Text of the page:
year = "2019",
doi = "10.1080/15532739.2018.1444529",
language = "English",
volume = "20",
pages = "108--117",
journal = "International Journal of Transgenderism",
issn = "1434-4599",
publisher = "Haworth Press Inc.",
number = "1",

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T1 - Psychological symptoms and body image in individuals with gender dysphoria: A comparison between Iranian and Dutch clinics

AU - Shirdel-Havar, Esmail

AU - Steensma, Thomas D.

AU - Cohen-Kettenis, Peggy T.

AU - Kreukels, Baudewijntje P. C.

PY - 2019

Y1 - 2019

N2 - Background: Few studies have compared the psychological functioning of individuals with gender dysphoria in Western and non-Western cultures. To our knowledge, this is the first study comparing the mental health of transgender individuals from an Islamic and non-Islamic country (Iran and the Netherlands). Methods: In this study, the psychological functioning and body image of 163 individuals with gender dysphoria (100 transgender women (75 in the Netherlands, 25 in Iran) and 63 transgender men (45 in the Netherlands, 18 in Iran) in two clinics located in Iran (N = 43) and the Netherlands (N = 120) was evaluated using the SCL-90 and the Body Image Scale (BIS). Also, none of these individuals had yet received hormonal therapy and/or surgery in their clinics. Results: Dutch participants (M = 31.56, SD = 12.26) were older than Iranian participants (M = 25.21, SD = 3.04). Dutch transwomen were less often androphilic (sexually attracted to men) than Iranian transwomen, and Iranian trans people were more often bisexual than the Dutch trans people. Significantly more Dutch transgender people were married (we had no information about the gender of the spouse), and indicated to have more contact with their families than the participants in Iran. The participants from Iran had significantly more psychological complaints than the Dutch participants. Compared to participants in Iran, participants in the Netherlands were more dissatisfied with their secondary sexual characteristics and neutral body characteristics, but there was no significant difference between the countries in terms of satisfaction with primary sex characteristics. Conclusions: Although transgender people in many countries face social and mental health problems, this study suggests that socio-cultural factors may increase the likelihood of psychopathology.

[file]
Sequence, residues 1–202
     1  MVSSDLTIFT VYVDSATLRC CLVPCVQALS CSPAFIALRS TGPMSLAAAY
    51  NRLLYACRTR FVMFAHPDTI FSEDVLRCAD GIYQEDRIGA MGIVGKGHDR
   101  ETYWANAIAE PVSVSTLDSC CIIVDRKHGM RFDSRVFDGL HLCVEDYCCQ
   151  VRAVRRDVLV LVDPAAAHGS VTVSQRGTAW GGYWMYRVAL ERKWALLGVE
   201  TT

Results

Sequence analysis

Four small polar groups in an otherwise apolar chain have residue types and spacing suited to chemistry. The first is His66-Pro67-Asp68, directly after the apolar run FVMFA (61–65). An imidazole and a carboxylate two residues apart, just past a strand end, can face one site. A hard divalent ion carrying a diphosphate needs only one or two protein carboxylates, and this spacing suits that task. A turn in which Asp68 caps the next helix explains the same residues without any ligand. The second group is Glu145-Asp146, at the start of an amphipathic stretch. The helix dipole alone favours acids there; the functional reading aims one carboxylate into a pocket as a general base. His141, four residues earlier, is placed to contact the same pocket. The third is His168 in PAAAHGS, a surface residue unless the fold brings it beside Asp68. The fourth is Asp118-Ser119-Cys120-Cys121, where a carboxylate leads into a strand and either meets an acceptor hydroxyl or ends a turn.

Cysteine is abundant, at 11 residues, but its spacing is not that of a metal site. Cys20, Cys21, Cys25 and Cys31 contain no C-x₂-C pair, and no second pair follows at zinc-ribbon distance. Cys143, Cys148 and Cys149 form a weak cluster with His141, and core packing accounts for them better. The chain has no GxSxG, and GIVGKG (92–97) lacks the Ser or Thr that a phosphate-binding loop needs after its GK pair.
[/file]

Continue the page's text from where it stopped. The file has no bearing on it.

AB - Background: Few studies have compared the psychological functioning of individuals with gender dysphoria in Western and non-Western cultures. To our knowledge, this is the first study comparing the mental health of transgender individuals from an Islamic and non-Islamic country (Iran and the Netherlands). Methods: In this study, the psychological functioning and body image of 163 individuals with gender dysphoria (100 transgender women (75 in the Netherlands, 25 in Iran) and 63 transgender men (45 in the Netherlands, 18 in Iran) in two clinics located in Iran (N = 43) and the Netherlands (N = 120) was evaluated using the SCL-90 and the Body Image Scale (BIS). Also, none of these individuals had yet received hormonal therapy and/or surgery in their clinics. Results: Dutch participants (M = 31.56, SD = 12.26) were older than Iranian participants (M = 25.21, SD = 3.04). Dutch transwomen were less often androphilic (sexually attracted to men) than Iranian transwomen, and Iranian trans people were more often bisexual than the Dutch trans people. Significantly more Dutch transgender people were married (we had no information about the gender of the spouse), and indicated to have more contact with their families than the participants in Iran. The participants from Iran had significantly more psychological complaints than the Dutch participants. Compared to participants in Iran, participants in the Netherlands were more dissatisfied with their secondary sexual characteristics and neutral body characteristics, but there was no significant difference between the countries in terms of satisfaction with primary sex characteristics. Conclusions: Although transgender people in many countries face social and mental health problems, this study suggests that socio-cultural factors may increase the likelihood of psychopathology.